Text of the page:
Homily: "God is active in our lives"
By Mons. Peter Jeffrey
We are all at different stages of life. As we journey on we can sometimes gain from looking back over the past and then we can see how we need to live in the present and move into the future. Our Sacred Scriptures often present in large print what we are writing in small print in our own lives. I want to illustrate that from today’s first reading and then from the Gospel.
In the passage from the Book of Joshua, the chosen people, freed from slavery in Egypt, are journeying on into the Promised Land. They are in a covenant or love relationship with God who has freed them from slavery. Now they find themselves living amongst people influenced by a range of false idols.
Joshua puts to them a huge challenge. “Choose today whom you wish to serve”. It was a call to acknowledge -“whether they were going to remain faithful to the God who chose them to be His own” or “whether they were to going to serve the gods of the people in whose lands they were travelling”. Challenged by Joshua, they replied - “We have no intention of deserting the Lord and serving other gods”.
They were able to say this so strongly because they recognised how God had been active in their lives. Our young parishioners, in fact all the children at our school, are discovering how God is active in their lives in many different ways. I had a powerful illustration of that on Friday. I spent the day with the staff on a Spirituality Development Day.
We were working through a recently published Prayer Guide for Catholic Educators Today. As you know when they experience love at home and school our children radiate JOY (at least that is generally so). Gradually they are learning at home and school that God is present in the world around them. He is the giver of all good gifts. So, they learn to praise and give thanks to God.
Gradually this leads to a growing ability to make good choices. But like the Israelites with Joshua, our children need good teachers and parents to help them appreciate that God is the giver of life.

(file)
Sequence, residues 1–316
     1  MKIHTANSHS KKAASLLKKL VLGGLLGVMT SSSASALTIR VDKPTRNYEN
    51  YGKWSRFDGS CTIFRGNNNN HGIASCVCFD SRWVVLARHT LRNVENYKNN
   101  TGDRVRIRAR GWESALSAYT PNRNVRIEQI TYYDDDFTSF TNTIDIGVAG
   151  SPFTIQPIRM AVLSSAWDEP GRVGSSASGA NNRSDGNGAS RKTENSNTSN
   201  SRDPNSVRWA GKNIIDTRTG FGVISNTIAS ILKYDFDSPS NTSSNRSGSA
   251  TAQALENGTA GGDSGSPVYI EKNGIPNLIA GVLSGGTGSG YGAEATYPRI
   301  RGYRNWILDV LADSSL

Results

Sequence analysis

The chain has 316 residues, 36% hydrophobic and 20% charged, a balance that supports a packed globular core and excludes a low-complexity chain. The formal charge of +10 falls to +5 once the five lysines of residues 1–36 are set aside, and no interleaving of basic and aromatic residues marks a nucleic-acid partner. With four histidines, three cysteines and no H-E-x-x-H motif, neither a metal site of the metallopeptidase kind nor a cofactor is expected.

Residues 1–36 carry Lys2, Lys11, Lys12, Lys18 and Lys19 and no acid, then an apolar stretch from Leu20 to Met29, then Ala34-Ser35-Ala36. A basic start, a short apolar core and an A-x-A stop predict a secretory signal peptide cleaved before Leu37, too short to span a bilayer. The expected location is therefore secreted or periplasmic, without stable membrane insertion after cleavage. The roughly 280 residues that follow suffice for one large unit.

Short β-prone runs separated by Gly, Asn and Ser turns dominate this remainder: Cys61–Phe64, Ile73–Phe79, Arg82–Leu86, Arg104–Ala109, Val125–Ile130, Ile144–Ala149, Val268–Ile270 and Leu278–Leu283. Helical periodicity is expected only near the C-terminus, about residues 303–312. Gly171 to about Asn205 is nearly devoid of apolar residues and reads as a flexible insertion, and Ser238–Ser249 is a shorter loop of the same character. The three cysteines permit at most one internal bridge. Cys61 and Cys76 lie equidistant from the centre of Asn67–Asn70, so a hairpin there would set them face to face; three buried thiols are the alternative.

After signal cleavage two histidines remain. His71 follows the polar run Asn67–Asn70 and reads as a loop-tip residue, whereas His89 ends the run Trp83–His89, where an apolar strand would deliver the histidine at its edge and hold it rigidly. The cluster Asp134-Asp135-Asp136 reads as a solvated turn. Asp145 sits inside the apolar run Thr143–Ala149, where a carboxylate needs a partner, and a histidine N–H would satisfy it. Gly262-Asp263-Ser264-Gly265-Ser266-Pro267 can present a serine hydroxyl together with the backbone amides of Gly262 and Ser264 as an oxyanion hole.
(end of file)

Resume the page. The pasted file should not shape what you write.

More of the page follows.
It was easy for the Israelites and it is easy for us in Oz in the social atmosphere of the 21st century, to just, as it were drift along. As we know, living as disciples of Jesus is not always easy.
It can be lonely following Jesus and trying to follow His example in every part of life. It may mean saying ‘no’ to a lot of things that many people see no problem doing – eg abusing alcohol or drugs, just gossiping, being dishonest. Then it may mean saying ‘yes’ to some things that a lot of people want to have no part of – helping poor people, those on the margins or standing against domestic violence. Then this is something that can crop up in family networks ‘choosing forgiveness over vengeance. Sometimes we may feel that we are like the “lone wolf” when you are among some who do not believe as strongly as you do that our discipleship of Jesus flows into the way we live from day to day.
However, we are never alone – and that is what we are about when we come as a community of faith to our Mass to receive nourishment and strength from the Eucharist. Today’s Gospel is a great example of this. Let me put the passage in context.
The last 4 Sundays we have been proclaiming sections from the 6th chapter of John’s Gospel. It is the second longest chapter in the New Testament (Luke 1 is the longest). It began with the multiplication of the loaves and leads into the promise of the Eucharist. When many started to walk away, Jesus didn’t change His promise but asked the apostles whether they were also going to walk away. Peter answers with a question of his own “Lord, to whom shall we go? You have the words of everlasting life.”
Peter’s response can be our own.
We can be thankful for the gift of faith that leads to life – the fullness of life (both here and hereafter). Since it is a GIFT we need to be humble with respect to this mystery of faith which we proclaim in the Mass. It is good to be patient with those who do not share our faith.
May the Eucharistic presence of Christ in us enable us in the words of the Responsorial Psalm “Taste and see the goodness of the Lord”
*This is a copy of Mons' homily on the 21st Sunday in ordinary time, 2018